Establishing a Revocable Living Trust helps families get their financial affairs in order so that their assets can transfer effectively and efficiently upon their passing. In some situations, some beneficiaries or other family members may disagree with the terms of the Trust which may lead to additional legal actions and a longer administration of the Trust.
Generally, after the settlors of a trust die the Revocable Trust becomes Irrevocable. The Trustee should then issue notices to beneficiaries and any other party entitled to notice informing them of the change. This notice not only tells the beneficiaries that the settlors have passed but also tells them that the Trust is now Irrevocable and there is a specific timeframe for any party to contest the terms of the Trust.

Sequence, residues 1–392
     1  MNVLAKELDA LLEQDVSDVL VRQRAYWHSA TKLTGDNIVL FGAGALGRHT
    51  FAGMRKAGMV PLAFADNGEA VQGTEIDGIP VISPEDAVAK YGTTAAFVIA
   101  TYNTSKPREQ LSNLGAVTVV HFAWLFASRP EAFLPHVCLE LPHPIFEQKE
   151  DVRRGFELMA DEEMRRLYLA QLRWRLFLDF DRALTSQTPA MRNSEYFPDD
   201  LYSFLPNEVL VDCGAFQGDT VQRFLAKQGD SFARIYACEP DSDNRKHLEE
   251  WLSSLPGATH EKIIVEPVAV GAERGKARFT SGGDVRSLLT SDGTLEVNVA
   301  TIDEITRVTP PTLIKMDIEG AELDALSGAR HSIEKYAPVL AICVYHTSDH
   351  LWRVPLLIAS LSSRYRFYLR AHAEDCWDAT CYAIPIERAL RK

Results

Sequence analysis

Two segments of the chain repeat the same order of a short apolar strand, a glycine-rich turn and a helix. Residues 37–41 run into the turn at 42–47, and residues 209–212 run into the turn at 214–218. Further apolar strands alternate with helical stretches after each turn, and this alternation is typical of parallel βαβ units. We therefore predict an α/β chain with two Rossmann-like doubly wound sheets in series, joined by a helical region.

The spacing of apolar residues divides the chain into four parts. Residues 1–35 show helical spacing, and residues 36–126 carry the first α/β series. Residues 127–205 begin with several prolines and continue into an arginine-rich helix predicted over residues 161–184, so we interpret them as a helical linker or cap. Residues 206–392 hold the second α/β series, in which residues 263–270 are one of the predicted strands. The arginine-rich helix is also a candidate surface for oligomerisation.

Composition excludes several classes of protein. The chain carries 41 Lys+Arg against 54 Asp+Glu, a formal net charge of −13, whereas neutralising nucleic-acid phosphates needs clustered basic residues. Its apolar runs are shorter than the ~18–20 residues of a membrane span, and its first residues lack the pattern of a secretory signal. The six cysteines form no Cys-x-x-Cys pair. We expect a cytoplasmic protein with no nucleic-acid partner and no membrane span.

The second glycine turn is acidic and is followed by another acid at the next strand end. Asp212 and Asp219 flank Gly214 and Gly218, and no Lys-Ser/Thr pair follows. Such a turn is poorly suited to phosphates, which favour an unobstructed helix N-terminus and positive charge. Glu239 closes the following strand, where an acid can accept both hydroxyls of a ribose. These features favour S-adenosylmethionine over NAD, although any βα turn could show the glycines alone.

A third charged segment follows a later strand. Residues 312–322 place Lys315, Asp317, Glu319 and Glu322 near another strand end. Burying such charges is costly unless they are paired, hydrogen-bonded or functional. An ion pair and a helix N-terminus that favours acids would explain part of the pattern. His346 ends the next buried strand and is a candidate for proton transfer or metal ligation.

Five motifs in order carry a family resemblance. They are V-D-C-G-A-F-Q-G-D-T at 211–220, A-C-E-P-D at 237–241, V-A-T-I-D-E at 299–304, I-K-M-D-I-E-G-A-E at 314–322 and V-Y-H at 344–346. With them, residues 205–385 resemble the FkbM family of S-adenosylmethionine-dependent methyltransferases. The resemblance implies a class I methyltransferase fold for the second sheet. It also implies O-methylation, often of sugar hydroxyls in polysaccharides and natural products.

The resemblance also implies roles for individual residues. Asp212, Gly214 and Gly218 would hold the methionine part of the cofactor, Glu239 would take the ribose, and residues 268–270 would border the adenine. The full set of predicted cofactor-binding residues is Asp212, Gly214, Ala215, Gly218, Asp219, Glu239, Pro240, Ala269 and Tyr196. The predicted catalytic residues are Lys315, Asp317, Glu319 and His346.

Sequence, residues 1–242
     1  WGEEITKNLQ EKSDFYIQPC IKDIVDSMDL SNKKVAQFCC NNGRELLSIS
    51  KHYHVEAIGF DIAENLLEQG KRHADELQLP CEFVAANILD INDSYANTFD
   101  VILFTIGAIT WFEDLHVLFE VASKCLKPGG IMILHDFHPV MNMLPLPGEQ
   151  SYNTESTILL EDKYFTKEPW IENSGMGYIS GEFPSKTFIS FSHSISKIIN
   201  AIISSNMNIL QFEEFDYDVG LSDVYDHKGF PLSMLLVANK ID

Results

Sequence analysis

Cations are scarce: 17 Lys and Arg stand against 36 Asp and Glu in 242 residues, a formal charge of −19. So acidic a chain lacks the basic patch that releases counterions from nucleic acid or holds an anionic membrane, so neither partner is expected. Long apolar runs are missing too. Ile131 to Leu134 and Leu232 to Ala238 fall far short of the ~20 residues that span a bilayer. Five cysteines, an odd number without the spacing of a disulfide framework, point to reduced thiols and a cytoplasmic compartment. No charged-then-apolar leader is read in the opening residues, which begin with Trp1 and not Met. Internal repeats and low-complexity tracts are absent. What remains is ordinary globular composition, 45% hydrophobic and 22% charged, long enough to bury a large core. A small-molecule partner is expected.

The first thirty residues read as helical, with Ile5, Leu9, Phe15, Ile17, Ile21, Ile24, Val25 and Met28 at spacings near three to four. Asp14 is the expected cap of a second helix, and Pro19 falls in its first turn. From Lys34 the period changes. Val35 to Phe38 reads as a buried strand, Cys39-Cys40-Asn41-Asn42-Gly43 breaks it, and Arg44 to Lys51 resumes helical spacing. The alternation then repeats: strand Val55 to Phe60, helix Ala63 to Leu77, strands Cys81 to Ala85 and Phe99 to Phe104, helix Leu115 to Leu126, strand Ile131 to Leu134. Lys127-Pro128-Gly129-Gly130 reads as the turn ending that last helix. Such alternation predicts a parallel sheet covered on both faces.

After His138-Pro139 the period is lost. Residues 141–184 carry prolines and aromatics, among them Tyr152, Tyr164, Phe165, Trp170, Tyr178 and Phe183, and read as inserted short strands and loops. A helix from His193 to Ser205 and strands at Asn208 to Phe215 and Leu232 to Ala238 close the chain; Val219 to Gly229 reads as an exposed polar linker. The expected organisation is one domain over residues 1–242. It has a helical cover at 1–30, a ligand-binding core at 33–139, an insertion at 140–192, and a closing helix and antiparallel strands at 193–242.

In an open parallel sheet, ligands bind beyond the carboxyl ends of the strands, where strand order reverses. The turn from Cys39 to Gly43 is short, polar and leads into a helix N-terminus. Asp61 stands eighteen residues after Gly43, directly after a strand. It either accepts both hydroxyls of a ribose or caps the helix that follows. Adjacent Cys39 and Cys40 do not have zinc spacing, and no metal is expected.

The contesting parties generally have 120 days to contest and once the time has passed, can no longer contest the trust for whatever reason. In addition, trusts may often contain “no contest” language where any party who chooses to contest may be removed as a beneficiary completely.
Failure to properly administer a trust can result in both timely and costly mistakes. Often the risk falls upon the Trustee. We recommend seeking professional advice when dealing with estate planning issues and making sure all risks are managed.